Welcome to the Tally Room’s guide to the 2015 New South Wales state election. This guide includes comprehensive coverage of each seat’s history, geography, political situation and results of the 2011 election, as well as maps and tables showing those results.
Table of contents:
- Legislative Assembly seat profiles
- Legislative Council profile
- Political history
- Recent events
- Key seats
- Frequently asked questions
Seat profiles have been produced for all 93 Legislative Assembly electoral districts. You can use the following navigation to click through to each seat’s profile.
The New South Wales Legislative Council is elected using a system of proportional representation, with all MLCs elected to represent the entire state. 21 MLCs are elected every four years for an eight year term, with half of the upper house up for election at each lower house election.
This guide includes a history of the elected Legislative Council, list of sitting MLCs, list of winnable candidates, 2011 results and assessment of the parties’ chances.
New South Wales politics has been dominated by the Labor Party ever since 1941. In the 74 years since that election, the Coalition has only governed in New South Wales for just over 22 years, while the ALP has been in government for over 50 years.
The ALP governed New South Wales from 1941 to 1965, with five successive Premiers continuing the government.
Liberal leader Bob Askin led the Liberal-Country coalition to power in 1965. He ruled for the next decade, until his retirement in 1975. Two other Liberal Premiers held office before they lost power in 1976.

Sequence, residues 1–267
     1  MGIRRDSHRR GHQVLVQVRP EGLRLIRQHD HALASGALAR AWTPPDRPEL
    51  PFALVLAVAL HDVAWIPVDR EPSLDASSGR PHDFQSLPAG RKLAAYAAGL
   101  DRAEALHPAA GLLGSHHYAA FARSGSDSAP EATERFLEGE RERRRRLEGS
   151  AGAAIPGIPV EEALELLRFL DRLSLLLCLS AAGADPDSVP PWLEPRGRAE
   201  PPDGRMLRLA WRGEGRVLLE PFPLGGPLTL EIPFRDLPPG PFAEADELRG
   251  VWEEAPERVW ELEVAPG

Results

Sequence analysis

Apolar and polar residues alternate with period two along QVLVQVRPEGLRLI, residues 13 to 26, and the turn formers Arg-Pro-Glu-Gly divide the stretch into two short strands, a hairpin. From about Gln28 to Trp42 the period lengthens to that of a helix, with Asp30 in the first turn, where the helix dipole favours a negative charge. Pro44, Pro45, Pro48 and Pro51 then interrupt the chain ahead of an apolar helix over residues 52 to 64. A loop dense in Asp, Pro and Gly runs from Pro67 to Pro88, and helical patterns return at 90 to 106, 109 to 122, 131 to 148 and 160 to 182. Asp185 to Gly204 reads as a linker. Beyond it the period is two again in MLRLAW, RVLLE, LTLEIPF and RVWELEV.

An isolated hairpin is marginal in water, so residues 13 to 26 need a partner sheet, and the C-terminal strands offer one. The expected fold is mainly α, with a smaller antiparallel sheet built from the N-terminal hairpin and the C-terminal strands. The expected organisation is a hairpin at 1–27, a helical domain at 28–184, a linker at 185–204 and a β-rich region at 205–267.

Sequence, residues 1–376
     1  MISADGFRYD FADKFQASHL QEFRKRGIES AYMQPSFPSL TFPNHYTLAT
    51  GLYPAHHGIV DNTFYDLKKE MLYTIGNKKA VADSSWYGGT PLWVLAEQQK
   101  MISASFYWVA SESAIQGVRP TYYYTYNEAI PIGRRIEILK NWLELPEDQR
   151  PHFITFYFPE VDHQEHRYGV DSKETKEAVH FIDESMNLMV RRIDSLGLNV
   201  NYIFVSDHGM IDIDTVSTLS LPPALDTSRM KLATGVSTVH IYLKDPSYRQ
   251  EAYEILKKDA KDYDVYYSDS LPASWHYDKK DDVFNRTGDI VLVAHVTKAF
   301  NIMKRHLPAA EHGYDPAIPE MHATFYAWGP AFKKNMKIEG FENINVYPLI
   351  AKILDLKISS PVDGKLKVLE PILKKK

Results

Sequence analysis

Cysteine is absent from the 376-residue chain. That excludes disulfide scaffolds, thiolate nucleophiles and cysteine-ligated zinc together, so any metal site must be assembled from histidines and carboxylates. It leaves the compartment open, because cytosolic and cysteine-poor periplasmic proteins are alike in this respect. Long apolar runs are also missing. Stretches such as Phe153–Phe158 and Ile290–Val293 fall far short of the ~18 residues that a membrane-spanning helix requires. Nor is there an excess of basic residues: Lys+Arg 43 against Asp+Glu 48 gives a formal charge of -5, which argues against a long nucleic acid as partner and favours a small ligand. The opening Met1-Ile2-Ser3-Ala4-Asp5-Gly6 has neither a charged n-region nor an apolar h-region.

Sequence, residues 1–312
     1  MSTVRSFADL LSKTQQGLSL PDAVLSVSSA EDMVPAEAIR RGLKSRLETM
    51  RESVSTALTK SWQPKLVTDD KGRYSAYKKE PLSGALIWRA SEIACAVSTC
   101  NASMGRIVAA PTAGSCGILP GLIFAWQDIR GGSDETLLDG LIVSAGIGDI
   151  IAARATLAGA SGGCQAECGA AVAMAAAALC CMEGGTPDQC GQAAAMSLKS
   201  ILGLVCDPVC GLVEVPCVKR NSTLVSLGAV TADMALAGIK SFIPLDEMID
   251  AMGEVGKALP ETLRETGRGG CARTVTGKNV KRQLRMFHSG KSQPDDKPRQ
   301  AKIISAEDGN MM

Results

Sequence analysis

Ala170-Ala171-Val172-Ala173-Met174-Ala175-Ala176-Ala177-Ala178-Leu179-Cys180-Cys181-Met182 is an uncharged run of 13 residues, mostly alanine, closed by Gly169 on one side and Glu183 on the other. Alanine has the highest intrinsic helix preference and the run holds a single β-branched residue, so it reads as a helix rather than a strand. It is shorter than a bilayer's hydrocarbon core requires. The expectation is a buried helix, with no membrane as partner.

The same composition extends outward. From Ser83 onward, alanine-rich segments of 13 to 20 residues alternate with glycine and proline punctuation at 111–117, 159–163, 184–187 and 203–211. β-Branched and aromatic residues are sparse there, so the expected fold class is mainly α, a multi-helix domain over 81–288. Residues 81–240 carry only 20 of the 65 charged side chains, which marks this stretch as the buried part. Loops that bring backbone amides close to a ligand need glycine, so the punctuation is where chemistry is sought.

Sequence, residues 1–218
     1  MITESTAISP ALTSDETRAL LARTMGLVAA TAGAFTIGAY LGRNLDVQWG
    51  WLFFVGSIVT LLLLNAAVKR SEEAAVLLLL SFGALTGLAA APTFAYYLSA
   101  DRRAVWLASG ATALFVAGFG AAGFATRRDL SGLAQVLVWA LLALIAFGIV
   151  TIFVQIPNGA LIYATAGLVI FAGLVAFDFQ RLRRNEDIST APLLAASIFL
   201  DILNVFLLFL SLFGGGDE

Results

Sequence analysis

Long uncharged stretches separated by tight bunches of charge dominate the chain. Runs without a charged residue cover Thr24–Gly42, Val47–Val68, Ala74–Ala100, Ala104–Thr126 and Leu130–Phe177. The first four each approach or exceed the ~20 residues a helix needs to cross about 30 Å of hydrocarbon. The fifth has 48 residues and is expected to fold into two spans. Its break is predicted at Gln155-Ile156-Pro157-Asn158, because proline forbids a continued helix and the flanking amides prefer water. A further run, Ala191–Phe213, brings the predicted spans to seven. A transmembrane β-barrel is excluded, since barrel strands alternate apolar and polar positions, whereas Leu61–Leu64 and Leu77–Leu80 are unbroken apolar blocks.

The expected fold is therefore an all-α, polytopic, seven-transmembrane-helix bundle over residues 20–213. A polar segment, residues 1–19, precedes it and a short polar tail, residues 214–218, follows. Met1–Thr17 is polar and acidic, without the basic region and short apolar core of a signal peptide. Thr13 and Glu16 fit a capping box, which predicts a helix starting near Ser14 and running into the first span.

Labor again held power from 1976 to 1988, first with Neville Wran until 1986, and then Barrie Unsworth.
Nick Greiner led another conservative coalition to power with a landslide victory in 1988. The government held its majority for one term, and then served another term as a minority in a hung parliament, with Greiner succeeded by John Fahey in 1992.
The last Labor government held power from 1995 to 2011, first led by Bob Carr until 2005, then Morris Iemma until 2008, then Nathan Rees until he was replaced by Kristina Keneally in 2009.
The Liberal/National coalition won power in 2011. Barry O’Farrell served as Premier until 2014, when he was replaced by Mike Baird.
Over the last four years, Labor, Liberal and Nationals have all underwent leadership changes, with Barry O’Farrell, Andrew Stoner and John Robertson all being replaced throughout 2014.
In addition, there have been seven by-elections – four of which saw the party holding that seat change hands.
Labor needs to win 29 seats to win a majority, and the Coalition needs to limit their losses to less than 25 to hold on to theirs. Current polling suggests Labor will regain a number of seats. There are a large number of key seats that are Labor-Coalition races, along with a handful of seats being contested by independents or the Greens.
New South Wales electoral boundaries were redistributed for the first time in eight years. The south-western NSW seat of Murrumbidgee was abolished, while the seats of Newtown and Summer Hill were created out of Marrickville in the inner west of Sydney.
Two seats changed from Labor to Liberal seats, while six seats changed names (in addition to the abolition of Murrumbidgee and creation of Summer Hill).
This guide includes a lot of content and I regularly get asked questions about how it is structured and why I make decisions about what information is included.
Please also post here any questions about the structure of the guide or suggestions about improvements.
If you have a correction or an update for a single electorate page, feel free to post a comment. You can also send an email by using this form.